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Uvulopalatopharyngoplasty

(UPPP; UP3)

Definition

Uvulopalatopharyngoplasty (UPPP) is surgery to remove excess tissue from the back of the mouth and the throat. The tonsils and adenoids, if present, may also be removed.
The Mouth and Throat
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Reasons for Procedure

UPPP is most often done to treat sleep apnea which causes pauses in breathing during sleep. Rarely, it may be done to treat excessive snoring. Muscles in the back of your throat relax when you sleep. When the muscles relax, the soft tissue they support can collapse into the airway. The narrowed airway can cause snoring and sleep apnea.
UPPP removes excess soft tissue to keep the airway open during sleep. It may be done if other methods of controlling your condition have not been helpful.

Possible Complications

Problems from the procedure are rare, but all procedures have some risk. Your doctor will review potential problems, like:
  • Excess bleeding
  • Adverse reaction to anesthesia such as lightheadedness or wheezing
  • Nausea and vomiting
  • Infection
  • Vocal changes
  • Swallowing problems
  • Reduced sense of smell
  • Scar tissue, which may lead to a nasal blockage
Some patients do not respond to this surgery. Other methods to control sleep apnea may need to be continued after the procedure.
Before your procedure, talk to your doctor about ways to manage factors that may increase your risk of complications, such as:
  • Smoking
  • Drinking
  • Chronic diseases, such as diabetes or obesity
This surgery is more successful in those who maintain a healthy weight.

What to Expect

Prior to Procedure

Your doctor may do the following:
  • Physical exam
  • Blood and urine tests
  • Imaging tests
  • Sleep studies
  • A nasopharyngoscopy to view the back of your nose and throat
Before arriving for surgery:
  • Arrange for someone to drive you home from the hospital.
  • Do not eat or drink anything after midnight the night before the procedure.
Certain medications may cause complications during the procedure or recovery. These medications may need to be stopped up to one week before the procedure. Talk to your doctor before the procedure about all medications, herbs, and supplements you are taking.

Anesthesia

General anesthesia will be used. It will block pain and keep you asleep through the procedure.

Description of the Procedure

The doctor can gain access to the area through the mouth. Incisions will be made to remove excess tissue. Your tonsils and adenoids may also be removed at this time. A special tool with electrical current or clamps and ties will be used to stop bleeding at the site. Sutures may also be used to close some incisions.

Immediately After Procedure

After the operation, you will be taken to the recovery room for observation.

How Long Will It Take?

The length of the procedure will depend on the amount of work you have.

How Much Will It Hurt?

Anesthesia will prevent pain during surgery. After surgery, you may have severe pain. Pain can be managed with medications.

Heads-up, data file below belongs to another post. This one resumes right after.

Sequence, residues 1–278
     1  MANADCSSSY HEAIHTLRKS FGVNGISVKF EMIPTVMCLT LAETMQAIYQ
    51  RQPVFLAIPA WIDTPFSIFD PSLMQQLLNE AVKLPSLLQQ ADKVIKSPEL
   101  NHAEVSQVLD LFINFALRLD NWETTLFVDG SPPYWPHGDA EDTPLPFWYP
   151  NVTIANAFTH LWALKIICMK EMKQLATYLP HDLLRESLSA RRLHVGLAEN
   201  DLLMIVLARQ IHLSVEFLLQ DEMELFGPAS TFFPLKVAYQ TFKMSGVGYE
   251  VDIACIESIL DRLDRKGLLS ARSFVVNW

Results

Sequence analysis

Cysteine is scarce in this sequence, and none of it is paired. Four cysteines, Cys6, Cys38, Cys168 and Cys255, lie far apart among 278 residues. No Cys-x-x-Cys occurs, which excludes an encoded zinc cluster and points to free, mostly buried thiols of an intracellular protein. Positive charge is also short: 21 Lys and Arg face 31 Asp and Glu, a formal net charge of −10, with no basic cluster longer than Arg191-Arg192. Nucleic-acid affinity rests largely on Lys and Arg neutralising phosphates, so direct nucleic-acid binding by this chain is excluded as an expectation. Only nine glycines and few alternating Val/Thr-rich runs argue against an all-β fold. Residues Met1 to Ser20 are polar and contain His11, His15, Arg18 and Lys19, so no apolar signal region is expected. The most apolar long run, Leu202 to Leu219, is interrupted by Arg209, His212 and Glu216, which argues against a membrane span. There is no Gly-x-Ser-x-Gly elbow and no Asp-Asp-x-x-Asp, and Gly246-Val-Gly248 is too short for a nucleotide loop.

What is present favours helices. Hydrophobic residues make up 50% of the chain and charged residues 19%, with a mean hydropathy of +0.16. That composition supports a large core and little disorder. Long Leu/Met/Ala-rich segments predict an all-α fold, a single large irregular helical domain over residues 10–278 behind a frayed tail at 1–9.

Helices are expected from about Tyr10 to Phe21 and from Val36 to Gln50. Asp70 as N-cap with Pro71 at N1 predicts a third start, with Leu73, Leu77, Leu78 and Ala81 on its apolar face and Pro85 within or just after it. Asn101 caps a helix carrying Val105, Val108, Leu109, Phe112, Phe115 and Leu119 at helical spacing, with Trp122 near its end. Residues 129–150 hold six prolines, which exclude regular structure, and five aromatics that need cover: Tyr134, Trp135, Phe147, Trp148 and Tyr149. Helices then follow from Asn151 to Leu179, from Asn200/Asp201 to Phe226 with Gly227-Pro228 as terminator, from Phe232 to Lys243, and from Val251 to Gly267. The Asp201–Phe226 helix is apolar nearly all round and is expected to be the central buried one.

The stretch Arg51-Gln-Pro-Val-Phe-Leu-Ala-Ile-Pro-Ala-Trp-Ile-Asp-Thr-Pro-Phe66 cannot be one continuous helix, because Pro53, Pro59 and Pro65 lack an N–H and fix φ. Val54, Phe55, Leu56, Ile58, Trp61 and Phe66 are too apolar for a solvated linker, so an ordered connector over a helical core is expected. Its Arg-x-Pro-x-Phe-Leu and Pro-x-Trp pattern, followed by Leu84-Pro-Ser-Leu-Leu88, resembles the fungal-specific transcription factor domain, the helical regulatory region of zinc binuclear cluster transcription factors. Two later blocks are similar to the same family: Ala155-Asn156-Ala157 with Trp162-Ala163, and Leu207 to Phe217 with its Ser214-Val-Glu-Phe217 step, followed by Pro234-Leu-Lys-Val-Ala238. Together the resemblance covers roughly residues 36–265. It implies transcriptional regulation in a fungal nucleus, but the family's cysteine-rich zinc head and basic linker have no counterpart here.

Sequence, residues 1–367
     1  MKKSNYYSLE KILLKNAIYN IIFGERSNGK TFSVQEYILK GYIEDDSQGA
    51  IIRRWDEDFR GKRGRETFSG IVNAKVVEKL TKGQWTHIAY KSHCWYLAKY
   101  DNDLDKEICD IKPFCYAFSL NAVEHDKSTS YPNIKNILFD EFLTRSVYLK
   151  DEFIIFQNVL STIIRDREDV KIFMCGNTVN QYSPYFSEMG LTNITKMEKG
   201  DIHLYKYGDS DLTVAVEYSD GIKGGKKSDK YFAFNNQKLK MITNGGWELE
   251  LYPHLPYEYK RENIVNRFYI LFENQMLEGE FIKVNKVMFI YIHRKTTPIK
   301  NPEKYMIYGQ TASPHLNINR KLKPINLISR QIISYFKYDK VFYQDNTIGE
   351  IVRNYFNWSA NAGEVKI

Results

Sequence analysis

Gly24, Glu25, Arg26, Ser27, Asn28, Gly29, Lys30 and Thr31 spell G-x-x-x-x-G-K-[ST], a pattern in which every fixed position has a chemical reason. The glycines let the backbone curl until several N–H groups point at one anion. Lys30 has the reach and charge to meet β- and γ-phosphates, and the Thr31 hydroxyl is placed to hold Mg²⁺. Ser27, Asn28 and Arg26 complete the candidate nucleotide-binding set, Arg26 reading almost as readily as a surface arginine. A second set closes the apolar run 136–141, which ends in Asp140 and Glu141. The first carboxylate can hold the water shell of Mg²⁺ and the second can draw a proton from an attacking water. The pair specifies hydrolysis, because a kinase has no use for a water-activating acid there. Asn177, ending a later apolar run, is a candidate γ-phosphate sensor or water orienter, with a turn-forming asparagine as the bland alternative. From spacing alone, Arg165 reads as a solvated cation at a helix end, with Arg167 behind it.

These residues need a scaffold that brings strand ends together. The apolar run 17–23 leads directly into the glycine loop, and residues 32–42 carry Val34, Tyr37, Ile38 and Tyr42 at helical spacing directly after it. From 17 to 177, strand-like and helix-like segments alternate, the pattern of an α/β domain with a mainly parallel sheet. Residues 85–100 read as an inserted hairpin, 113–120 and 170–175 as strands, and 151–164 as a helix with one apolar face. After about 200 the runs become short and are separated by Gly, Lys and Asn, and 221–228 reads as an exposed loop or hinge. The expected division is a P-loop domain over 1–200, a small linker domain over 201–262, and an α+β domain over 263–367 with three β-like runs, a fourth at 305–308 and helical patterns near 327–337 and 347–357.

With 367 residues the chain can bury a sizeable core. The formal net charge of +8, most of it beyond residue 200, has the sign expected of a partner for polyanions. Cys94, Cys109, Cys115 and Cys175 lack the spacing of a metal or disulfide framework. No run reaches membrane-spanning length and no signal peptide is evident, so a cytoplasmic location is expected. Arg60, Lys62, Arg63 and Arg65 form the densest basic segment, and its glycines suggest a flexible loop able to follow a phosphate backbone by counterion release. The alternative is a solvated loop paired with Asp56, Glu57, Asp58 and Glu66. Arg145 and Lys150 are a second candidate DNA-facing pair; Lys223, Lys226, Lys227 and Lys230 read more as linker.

Average Hospital Stay

This is done in a hospital. The usual length of stay is 1 day to make sure you can swallow. If you have any problems, you may need to stay longer. In other cases, you may not have to stay overnight.

Post-procedure Care

At the Hospital
Right after the procedure, you will be in a recovery room where your blood pressure, pulse, and breathing will be monitored. Recovery may also include:
  • Pain medications
  • Antibiotics to prevent infection
  • Steroids to reduce swelling
During your stay, the hospital staff will take steps to reduce your chance of infection, such as:
  • Washing their hands
  • Wearing gloves or masks
There are also steps you can take to reduce your chances of infection, such as:
  • Washing your hands often and reminding visitors and healthcare providers to do the same
  • Reminding your healthcare providers to wear gloves or masks
  • Not allowing others to touch your incisions
At Home
It may take a few days before you are comfortable enough to return to your normal diet or return to work.

Call Your Doctor

Call your doctor if any of these occur:
  • Signs of infection, including fever and chills
  • Pain that you cannot control with the medications you were given
  • Excess bleeding or drainage from the incision sites
  • Persistent nausea or vomiting
  • Signs of dehydration, such as not urinating for 8 or more hours
  • Difficulty breathing
  • New or worsening symptoms
If you think you have an emergency, call for emergency medical services right away.

RESOURCES

American Academy of Otolaryngology—Head and Neck Surgery
http://www.entnet.org
American Sleep Apnea Association
http://www.sleepapnea.org

CANADIAN RESOURCES

Canadian Sleep Society
http://www.canadiansleepsociety.ca
Canadian Society of Otolaryngology
http://www.entcanada.org

References

Uvulopalatopharyngoplasty (UP 3). Ear, Nose, and Throat Center of Utah website. Available at: http://entcenterutah.com/files/Uvulopalatopharyngoplasty-post-op-instructions.pdf. Accessed May 5, 2014.
Varieties of OSA surgery. American Sleep Apnea Association website. Available at: http://www.sleepapnea.org/treat/treatment-options/surgery.html. Accessed May 5, 2014.
Khan A, Ramar K, Maddirala S, Friedman O, Pallanch JF, Olson EJ. Uvulopalatopharyngoplasty in the management of obstructive sleep apnea: The Mayo Clinic experience. Mayo Clin Proc. 2009;84(9):795-800.

Revision Information

Article written by Buck D